Subtypes of DLBCL
Primary central nervous system lymphoma
This comprises 1% of lymphomas and 1-2% of brain tumors, though the incidence is rising with no known cause.
- It is important to identify these in time, as a high number of primary DLBCL tumors can be cured using the currently available treatments.
The average age of patients with this type of tumor is 60.
- Clinical manifestations:
- Neurological deficit (over half of patients)
- Behavioral changes
- Symptoms of intracranial hypertension or disorders of the eye
- Tumor lesions are located in the brain (in two-thirds of cases), while in the rest this affects the cerebellum, eyeball, spinal cord, or cerebrospinal fluid.
- Treatment: The treatment of choice is chemotherapy (administration of drugs that pass the blood-brain barrier). The approaches used include high doses of methotrexate and cytarabine.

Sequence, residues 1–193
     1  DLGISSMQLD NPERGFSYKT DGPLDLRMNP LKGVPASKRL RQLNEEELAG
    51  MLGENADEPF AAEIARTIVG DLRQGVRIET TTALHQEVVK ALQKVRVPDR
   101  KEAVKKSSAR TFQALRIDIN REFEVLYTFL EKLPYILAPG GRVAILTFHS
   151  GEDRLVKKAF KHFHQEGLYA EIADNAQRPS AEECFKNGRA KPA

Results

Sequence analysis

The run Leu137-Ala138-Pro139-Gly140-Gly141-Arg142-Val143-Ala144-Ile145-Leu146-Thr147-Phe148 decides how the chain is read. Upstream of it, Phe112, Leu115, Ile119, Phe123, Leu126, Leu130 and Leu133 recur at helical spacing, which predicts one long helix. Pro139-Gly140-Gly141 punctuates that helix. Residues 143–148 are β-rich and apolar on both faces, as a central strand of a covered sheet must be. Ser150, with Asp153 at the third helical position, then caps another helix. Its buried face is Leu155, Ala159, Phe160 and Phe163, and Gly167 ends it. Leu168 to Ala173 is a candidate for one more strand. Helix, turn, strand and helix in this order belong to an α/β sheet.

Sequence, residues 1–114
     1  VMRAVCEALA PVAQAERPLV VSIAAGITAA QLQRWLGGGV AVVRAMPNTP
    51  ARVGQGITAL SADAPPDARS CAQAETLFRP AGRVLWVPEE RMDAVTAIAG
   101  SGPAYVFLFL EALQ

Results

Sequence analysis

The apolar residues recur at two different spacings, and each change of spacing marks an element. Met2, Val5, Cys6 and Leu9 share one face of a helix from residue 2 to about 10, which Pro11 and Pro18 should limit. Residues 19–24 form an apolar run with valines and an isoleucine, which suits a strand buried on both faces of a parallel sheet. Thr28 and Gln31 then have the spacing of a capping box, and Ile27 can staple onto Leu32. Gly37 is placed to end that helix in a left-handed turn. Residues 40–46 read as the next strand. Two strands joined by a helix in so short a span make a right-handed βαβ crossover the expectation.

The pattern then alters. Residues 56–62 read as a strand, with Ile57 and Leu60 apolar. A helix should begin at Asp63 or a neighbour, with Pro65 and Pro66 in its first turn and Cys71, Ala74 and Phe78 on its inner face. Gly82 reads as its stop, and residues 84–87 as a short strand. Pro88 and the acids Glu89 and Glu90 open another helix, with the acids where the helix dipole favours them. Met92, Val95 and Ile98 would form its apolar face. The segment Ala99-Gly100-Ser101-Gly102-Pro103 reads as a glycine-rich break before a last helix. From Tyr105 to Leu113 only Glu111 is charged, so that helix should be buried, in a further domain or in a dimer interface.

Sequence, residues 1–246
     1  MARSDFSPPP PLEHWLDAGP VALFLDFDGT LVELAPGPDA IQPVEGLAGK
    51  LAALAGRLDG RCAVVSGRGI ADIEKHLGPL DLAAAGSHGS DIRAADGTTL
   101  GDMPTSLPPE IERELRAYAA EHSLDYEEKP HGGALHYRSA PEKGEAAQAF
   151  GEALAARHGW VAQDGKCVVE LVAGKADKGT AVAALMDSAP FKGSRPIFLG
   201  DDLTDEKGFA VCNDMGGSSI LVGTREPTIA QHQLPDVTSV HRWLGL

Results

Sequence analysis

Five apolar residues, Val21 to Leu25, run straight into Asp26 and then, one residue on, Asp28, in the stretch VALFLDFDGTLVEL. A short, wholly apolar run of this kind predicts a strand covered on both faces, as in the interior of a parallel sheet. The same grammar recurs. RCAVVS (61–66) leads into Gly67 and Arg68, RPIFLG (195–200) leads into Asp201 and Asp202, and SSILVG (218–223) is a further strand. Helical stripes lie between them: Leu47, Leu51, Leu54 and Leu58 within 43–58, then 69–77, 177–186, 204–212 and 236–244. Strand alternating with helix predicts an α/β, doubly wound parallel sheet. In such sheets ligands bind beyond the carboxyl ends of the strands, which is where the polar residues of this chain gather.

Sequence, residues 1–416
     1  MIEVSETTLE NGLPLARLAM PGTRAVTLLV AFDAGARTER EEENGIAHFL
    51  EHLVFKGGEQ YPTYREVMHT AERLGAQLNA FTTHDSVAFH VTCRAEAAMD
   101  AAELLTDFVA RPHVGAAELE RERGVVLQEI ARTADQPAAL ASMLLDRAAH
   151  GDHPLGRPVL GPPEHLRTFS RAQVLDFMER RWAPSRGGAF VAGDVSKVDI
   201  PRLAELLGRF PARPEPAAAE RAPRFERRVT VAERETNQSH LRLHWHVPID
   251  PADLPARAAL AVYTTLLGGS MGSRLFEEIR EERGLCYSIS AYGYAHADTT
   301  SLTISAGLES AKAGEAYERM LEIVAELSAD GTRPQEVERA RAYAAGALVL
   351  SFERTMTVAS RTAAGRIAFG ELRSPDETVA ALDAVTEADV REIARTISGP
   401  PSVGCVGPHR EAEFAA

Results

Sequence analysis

Primary cutaneous DLBCL
This lymphoma owes its name to the fact that it primarily affects the legs, although 10-15% of cases affect the trunk, head, and arms.
- It represents 20% of cutaneous B-cell lymphomas and develops especially in women over age 70.
T-cell/histiocyte-rich B-cell lymphoma
- Biopsies of these tumors are noteworthy due to the fact that the infiltrate has a high presence of T-lymphocytes and histiocytes together with B-cells.
- This subtype comprises 5% of DLBCL cases and is normally found in middle-aged men.
- The presenting symptoms include fever, malaise, and lymph-node involvement to varying degrees, affecting the spleen, liver, and bone marrow.